America’s Moral Cowardice at the UN

In the past, such American statesman as Daniel Patrick Moynihan and Jeane Kirkpatrick have used their role as ambassadors to the United Nations to speak the truth about bloodthirsty tyrants, especially when those tyrants made the organization a platform for condemning democracies like the U.S. and Israel. By contrast, America’s current UN Ambassador, Linda Thomas-Greenfield, used a speech to the General Assembly last month to declare that “slavery is the original sin of America. It’s weaved white supremacy and black inferiority into our founding documents and principles.” Noah Rothman writes:

Thomas-Greenfield is presently focused on getting the U.S. back into the United Nations Human Rights Council (UNHRC), an organization from which the U.S. withdrew in 2018—and for good reason. The UNHRC is an organization plagued by corruption. It elevates miscreants like China, Algeria, Congo, Cuba, Pakistan, Venezuela, Russia, and Qatar to membership. It maintains a permanent agenda item—Item Seven—dedicated to the criticism of Israel. It elects people like Richard Falk, a 9/11 conspiracy theorist and obsequious apologist for the terror group Hamas, to oversee the situation in the Palestinian territories.

And, of course, the UNHRC appears to share Thomas-Greenfield’s assessment of America’s terribly unimpressive record when it comes to the promotion of racial comity and minority rights. . . . The death of George Floyd proved an occasion for Russia’s envoy to denounce the “calamitous state of human rights” in the U.S., and it allowed China’s representative the chance to denounce America’s “chronic and deep-rooted racial discrimination.”

The tortured effort to equate racial tensions, lingering personal bigotries, and even the illegal (and prosecutable) mishandling of minorities by police with, for example, the resettlement of an entire ethnic minority into reeducation and labor camps requires you to sacrifice even the most elementary powers of discernment. It isn’t enlightened—just the opposite. It is bafflingly stubborn and deliberately dense. Worst of all, it . . . leads its advocates all but to defend the actions of genocidal states. After all, who are we to judge?

If our objective is the advancement and preservation of human rights abroad, this sort of behavior only makes that goal harder to achieve.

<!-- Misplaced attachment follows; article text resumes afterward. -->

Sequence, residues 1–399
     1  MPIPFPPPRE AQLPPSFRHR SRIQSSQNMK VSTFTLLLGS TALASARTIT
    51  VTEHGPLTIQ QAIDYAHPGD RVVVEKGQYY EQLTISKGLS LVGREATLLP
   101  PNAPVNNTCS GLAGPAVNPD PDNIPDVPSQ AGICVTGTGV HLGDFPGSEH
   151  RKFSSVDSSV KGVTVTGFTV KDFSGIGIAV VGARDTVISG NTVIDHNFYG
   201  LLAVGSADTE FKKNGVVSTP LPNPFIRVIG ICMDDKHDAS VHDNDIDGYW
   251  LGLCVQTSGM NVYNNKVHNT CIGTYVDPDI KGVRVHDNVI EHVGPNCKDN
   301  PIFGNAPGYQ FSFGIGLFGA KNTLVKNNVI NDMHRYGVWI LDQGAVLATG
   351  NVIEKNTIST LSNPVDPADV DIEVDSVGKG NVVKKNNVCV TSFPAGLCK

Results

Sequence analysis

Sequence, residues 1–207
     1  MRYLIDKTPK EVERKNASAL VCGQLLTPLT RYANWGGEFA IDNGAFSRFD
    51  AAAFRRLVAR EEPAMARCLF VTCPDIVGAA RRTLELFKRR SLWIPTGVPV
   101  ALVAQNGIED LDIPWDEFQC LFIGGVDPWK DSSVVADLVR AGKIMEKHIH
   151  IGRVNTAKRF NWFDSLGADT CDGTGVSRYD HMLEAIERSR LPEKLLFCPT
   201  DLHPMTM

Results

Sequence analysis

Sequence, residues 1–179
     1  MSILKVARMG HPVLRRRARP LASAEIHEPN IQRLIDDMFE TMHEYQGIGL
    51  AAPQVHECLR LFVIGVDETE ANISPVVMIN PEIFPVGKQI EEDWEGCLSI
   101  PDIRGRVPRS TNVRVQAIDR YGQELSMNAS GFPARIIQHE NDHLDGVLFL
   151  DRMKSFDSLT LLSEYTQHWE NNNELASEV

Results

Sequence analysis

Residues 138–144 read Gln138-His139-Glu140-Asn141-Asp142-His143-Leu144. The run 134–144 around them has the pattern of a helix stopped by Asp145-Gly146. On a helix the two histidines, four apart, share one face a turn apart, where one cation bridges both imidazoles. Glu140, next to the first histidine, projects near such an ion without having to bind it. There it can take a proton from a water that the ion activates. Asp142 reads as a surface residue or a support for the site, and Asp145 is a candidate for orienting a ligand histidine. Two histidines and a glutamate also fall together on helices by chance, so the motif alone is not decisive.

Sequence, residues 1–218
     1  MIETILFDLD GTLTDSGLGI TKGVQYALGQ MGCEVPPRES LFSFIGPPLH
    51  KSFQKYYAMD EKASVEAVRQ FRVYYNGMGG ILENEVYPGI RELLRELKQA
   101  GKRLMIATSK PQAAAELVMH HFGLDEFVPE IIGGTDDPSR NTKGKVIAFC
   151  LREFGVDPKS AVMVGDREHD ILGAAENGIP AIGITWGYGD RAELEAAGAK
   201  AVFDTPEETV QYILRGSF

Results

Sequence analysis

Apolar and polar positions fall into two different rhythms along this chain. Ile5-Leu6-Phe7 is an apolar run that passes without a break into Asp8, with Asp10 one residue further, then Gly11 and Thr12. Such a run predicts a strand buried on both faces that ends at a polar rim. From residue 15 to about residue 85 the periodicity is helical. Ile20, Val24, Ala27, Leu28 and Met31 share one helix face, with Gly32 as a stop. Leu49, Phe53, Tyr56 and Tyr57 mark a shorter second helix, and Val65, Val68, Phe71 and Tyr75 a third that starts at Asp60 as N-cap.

Read more at Commentary

More about: Daniel Patrick Moynihan, Jeane Kirkpatrick, Joseph Biden, UNHRC, United Nations

Recognizing a Palestinian State Won’t Help Palestinians, or Even Make Palestinian Statehood More Likely

While Shira Efron and Michael Koplow are more sanguine about the possibility of a two-state solution to the Israel-Palestinian conflict, and more critical of Israel’s policies in the West Bank, than I am, I found much worth considering in their recent article on the condition of the Palestinian Authority (PA). Particularly perceptive are their comments on the drive to grant diplomatic recognition to a fictive Palestinian state, a step taken by nine countries in the past few months, and almost as many in total as recognize Israel.

Efron and Koplow argue that this move isn’t a mere empty gesture, but one that would actually make things worse, while providing “no tangible benefits for Palestinians.”

In areas under its direct control—Areas A and B of the West Bank, comprising 40 percent of the territory—the PA struggles severely to provide services, livelihoods, and dignity to inhabitants. This is only partly due to its budgetary woes; it has also never established a properly functioning West Bank economy. President Mahmoud Abbas, who will turn ninety next year, administers the PA almost exclusively by executive decrees, with little transparency or oversight. Security is a particular problem, as militants from different factions now openly defy the underfunded and undermotivated PA security forces in cities such as Jenin, Nablus, and Tulkarm.

Turning the Palestinian Authority (PA) from a transitional authority into a permanent state with the stroke of a pen will not make [its] litany of problems go away. The risk that the state of Palestine would become a failed state is very real given the PA’s dysfunctional, insolvent status and its dearth of public legitimacy. Further declines in its ability to provide social services and maintain law and order could yield a situation in which warlords and gangs become de-facto rulers in some areas of the West Bank.

Otherwise, any steps toward realizing two states will be fanciful, built atop a crumbling foundation—and likely to help turn the West Bank into a third front in the current war.

Read more at Foreign Affairs

More about: Palestinian Authority, Palestinian statehood